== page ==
Document Type : Original Article
Nossal Institute for Global Health, Melbourne School of Population and Global Health, University of Melbourne, Melbourne, VIC, Australia
Health Research and Technology Transfer Office, SNNPR Regional Health Bureau, Hawassa, Ethiopia
Centre for Health Policy, School of Population and Global Health, University of Melbourne, Melbourne, VIC, Australia
Addressing chronic diseases and intra-urban health disparities in low- and middle-income countries (LMICs) requires new health service models. Team-based healthcare models can improve management of chronic diseases/complex conditions. There is interest in integrating community health workers (CHWs) into these teams, given their effectiveness in reaching underserved populations. However healthcare team models are difficult to effectively implement, and there is little experience with team-based models in LMICs and with CHW-integrated models more generally. Our study aims to understand the determinants related to the poor adoption of Ethiopia’s family health teams (FHTs); and, raise considerations for initiating CHW-integrated healthcare team models in LMIC cities.
Using the Consolidated Framework for Implementation Research (CFIR), we examine organizational-level factors related to implementation climate and readiness (work processes/incentives/resources/leadership) and systemlevel factors (policy guidelines/governance/financing) that affected adoption of FHTs in two Ethiopian cities. Using semi-structured interviews/focus groups, we sought implementation perspectives from 33 FHT members and 18 administrators. We used framework analysis to deductively code data to CFIR domains.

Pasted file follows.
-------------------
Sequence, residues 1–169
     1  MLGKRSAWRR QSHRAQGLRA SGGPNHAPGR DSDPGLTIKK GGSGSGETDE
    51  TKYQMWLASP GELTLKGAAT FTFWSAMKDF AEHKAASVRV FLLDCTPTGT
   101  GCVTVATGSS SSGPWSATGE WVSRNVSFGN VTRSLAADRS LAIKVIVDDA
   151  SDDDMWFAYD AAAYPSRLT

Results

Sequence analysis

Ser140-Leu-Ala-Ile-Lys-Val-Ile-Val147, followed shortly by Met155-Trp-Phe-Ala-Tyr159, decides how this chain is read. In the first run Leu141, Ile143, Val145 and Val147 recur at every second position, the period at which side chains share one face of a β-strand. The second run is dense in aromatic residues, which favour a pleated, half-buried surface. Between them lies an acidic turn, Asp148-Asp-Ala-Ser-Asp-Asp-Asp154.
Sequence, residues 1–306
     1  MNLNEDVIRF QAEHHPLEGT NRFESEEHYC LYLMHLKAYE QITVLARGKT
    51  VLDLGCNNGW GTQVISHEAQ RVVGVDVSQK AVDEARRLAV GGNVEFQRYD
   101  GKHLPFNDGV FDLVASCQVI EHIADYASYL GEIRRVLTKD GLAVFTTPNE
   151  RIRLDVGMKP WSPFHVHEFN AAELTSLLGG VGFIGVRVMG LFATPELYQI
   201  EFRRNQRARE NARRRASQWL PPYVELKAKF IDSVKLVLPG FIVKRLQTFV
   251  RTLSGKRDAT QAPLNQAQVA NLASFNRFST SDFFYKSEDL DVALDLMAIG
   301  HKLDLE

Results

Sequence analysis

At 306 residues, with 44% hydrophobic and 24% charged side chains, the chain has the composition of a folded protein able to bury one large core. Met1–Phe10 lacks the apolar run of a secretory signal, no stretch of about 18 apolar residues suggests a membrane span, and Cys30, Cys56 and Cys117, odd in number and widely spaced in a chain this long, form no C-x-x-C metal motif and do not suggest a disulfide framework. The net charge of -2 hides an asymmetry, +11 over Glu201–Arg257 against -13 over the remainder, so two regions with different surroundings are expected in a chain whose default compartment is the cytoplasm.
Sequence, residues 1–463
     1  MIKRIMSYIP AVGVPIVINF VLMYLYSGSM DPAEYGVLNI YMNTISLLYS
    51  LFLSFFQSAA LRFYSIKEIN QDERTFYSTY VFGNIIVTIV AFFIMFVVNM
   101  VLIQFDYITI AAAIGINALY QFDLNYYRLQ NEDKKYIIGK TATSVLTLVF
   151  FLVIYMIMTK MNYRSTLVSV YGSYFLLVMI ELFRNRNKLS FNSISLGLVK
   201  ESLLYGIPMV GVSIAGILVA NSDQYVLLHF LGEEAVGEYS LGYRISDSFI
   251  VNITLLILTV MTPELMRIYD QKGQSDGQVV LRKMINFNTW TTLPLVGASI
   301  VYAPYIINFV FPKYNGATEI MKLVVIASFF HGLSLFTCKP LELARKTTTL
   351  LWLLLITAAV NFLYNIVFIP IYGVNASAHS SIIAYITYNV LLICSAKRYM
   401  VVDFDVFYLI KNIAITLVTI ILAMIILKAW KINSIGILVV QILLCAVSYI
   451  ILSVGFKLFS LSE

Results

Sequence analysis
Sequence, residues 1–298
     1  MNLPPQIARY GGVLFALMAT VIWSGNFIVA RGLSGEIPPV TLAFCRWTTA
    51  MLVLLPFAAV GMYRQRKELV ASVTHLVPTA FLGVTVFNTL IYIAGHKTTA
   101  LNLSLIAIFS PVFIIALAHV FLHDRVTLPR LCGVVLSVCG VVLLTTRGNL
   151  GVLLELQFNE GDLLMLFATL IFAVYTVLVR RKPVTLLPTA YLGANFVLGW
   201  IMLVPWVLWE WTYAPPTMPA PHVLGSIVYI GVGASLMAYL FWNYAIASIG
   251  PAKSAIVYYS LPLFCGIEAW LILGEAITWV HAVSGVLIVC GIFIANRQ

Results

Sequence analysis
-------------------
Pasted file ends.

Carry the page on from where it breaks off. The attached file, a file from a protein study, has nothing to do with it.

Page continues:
Factors associated with implementation climate and readiness negatively impacted FHT adoption. Failure to tap into financial, political, and performance motivations of key stakeholders/FHT members contributed to low willingness to participate, while resource constraints restricted capacity to implement. Workload issues combined with no financial incentives/perceived benefit contributed to poor adoption among clinical professionals. Meanwhile, staffing constraints and unavailability of medicines/supplies/transport contributed to poor implementation readiness, further decreasing willingness among clinical professionals/managers to prioritize non-clinic based activities. The federally- driven program failed to provide budgetary incentives or tap into political motivations of municipal/health centre administrators.
Lessons from Ethiopia’s challenges in implementing its FHT program suggest that LMICs interested in adopting CHW-integrated healthcare team models should closely consider health system readiness (budgets, staffing, equipment/medicines) as well as incentivization strategies (financial, professional, political) to drive organizational change.